Lessons from state-level policy-making in the US Southwest for the transatlantic community
by Agata Hinc, Managing Director, demosEUROPA – Centre for European Strategy
Natural resources are becoming more and more precious on both sides of the Atlantic. Both their quantity and quality is decreasing and it is becoming more difficult and costly to reach and extract some of them. At the same time, the climate challenge remains to be addressed effectively at the global and regional levels, both as far as mitigation and adaptation efforts are concerned. Due to the recession, economic growth has become the number one priority for the United States and the European Union. What is important though, is not only the speed of growth, but also its quality and sustainability. Socially, economically, and environmentally sound development is the way to ensure the quality of life of the next generations in America, Europe and other parts of the world. This article is going to bring to attention a few examples of how developments to date in the US Southwest could be enhanced further within the transatlantic community and help address challenges globally, as well as at the regional and country level.
First thing’s first: EU & US policies
The United States has the potential to switch from being an energy importer to an energy exporter, but at the same time it faces new challenges with regards to unconventional energy (specifically shale gas and shale oil) as well as air, water, land and forest management. A question appears about whether the US current institutional framework is strong enough to face these challenges. Namely, whether the Natural Resources Conservation Service (an agency under the supervision of the US Department of Agriculture) is equipped well enough and its cooperation with other departments and agencies is sufficient. Europe is rich with water and minerals, and is relatively well bio diversified, but it is short of conventional energy resources. This situation has made the European Union heavily dependent on energy imports. The European Union’s energy dependency is predicted to increase from 54% in 2011 to 65% in 2050 (this includes 84% dependence on gas imports and 93% dependence on petroleum imports). The European Union realizes that its domestic resources are poorly managed and that if the current pattern of resource use is maintained in Europe, environmental degradation and depletion of natural resources will continue. The EU has prepared a series of strategies, from “Thematic Strategy on the sustainable use of natural resources” in 2005 to “A resource-efficient Europe – Flagship initiative under the Europe 2020 Strategy” at the beginning of 2011 and “Roadmap to a Resource Efficient Europe” at the end of 2011. Still, the EU has no single commissioner, authority, or agency devoted to resources exclusively. Resources-related strategies are being prepared by DG Environment. As in the case of the US, this may prove not to be sufficient enough.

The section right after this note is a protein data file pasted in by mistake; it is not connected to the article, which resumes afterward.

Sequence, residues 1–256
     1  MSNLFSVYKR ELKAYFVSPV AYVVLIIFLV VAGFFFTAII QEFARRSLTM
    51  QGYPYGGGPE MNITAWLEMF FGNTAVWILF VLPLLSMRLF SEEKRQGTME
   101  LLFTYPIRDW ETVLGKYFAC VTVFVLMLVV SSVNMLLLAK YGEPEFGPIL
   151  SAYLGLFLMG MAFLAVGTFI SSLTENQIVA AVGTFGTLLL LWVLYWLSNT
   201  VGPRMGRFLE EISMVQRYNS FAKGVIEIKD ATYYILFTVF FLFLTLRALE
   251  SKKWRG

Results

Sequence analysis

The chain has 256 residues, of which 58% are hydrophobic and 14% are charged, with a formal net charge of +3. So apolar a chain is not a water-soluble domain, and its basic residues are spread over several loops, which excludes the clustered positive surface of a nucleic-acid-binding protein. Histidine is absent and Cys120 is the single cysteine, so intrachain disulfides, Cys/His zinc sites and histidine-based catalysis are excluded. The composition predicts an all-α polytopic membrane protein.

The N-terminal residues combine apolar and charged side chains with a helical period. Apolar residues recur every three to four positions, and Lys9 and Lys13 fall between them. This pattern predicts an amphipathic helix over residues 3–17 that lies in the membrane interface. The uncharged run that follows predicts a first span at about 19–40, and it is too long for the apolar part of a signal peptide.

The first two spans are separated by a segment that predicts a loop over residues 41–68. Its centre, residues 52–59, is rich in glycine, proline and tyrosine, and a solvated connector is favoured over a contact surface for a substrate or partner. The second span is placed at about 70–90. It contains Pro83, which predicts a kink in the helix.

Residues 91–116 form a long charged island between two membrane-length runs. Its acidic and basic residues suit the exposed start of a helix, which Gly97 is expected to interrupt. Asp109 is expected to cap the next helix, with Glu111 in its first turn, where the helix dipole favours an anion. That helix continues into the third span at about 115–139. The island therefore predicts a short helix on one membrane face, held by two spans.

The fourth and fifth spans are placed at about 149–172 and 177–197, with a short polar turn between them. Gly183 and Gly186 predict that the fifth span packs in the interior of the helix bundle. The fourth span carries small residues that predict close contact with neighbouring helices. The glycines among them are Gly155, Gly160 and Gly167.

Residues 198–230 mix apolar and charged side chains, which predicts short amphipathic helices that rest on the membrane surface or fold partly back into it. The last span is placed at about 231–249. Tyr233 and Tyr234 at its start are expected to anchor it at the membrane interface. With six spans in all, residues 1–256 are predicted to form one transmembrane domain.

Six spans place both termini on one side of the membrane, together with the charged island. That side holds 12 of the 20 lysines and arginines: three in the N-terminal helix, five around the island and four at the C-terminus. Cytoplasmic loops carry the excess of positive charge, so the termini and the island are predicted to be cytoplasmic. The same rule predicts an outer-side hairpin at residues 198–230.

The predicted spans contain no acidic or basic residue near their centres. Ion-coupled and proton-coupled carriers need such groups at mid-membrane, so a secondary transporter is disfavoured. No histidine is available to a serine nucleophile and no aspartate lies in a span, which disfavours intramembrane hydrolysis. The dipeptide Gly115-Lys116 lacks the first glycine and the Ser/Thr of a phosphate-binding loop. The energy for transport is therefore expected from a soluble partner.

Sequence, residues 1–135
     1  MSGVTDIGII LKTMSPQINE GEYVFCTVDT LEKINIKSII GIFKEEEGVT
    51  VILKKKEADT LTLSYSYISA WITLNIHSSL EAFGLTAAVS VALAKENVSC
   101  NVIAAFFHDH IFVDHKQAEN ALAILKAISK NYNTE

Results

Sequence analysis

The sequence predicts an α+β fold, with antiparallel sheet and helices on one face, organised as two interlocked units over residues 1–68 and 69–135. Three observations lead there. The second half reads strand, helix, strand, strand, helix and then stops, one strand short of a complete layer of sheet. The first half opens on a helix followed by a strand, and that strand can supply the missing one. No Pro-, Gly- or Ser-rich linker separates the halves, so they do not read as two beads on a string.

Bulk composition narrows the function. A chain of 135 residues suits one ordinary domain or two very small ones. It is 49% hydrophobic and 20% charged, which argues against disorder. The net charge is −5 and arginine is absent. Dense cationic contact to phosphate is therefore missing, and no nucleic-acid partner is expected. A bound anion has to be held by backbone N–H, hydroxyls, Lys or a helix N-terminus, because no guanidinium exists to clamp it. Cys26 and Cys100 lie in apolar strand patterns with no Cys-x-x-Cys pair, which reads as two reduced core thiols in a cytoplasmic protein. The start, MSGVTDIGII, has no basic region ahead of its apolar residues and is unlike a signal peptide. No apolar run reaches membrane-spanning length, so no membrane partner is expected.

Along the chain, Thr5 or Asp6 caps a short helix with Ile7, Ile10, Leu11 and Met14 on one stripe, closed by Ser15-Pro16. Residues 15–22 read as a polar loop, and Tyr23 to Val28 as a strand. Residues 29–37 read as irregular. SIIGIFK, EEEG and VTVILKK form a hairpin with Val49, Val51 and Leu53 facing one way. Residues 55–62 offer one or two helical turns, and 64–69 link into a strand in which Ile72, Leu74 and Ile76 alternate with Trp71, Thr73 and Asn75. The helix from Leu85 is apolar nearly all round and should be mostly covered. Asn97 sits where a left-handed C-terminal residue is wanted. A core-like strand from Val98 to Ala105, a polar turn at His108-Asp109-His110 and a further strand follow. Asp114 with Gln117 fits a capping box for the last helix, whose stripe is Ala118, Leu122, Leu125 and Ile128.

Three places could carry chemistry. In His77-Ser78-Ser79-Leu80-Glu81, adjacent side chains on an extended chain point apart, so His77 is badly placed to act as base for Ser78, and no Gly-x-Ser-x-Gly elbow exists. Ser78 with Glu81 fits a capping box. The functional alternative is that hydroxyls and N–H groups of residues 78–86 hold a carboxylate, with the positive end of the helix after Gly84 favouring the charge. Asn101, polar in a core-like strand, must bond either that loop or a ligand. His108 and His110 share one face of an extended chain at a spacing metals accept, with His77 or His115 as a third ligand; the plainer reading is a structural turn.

Southwest best practice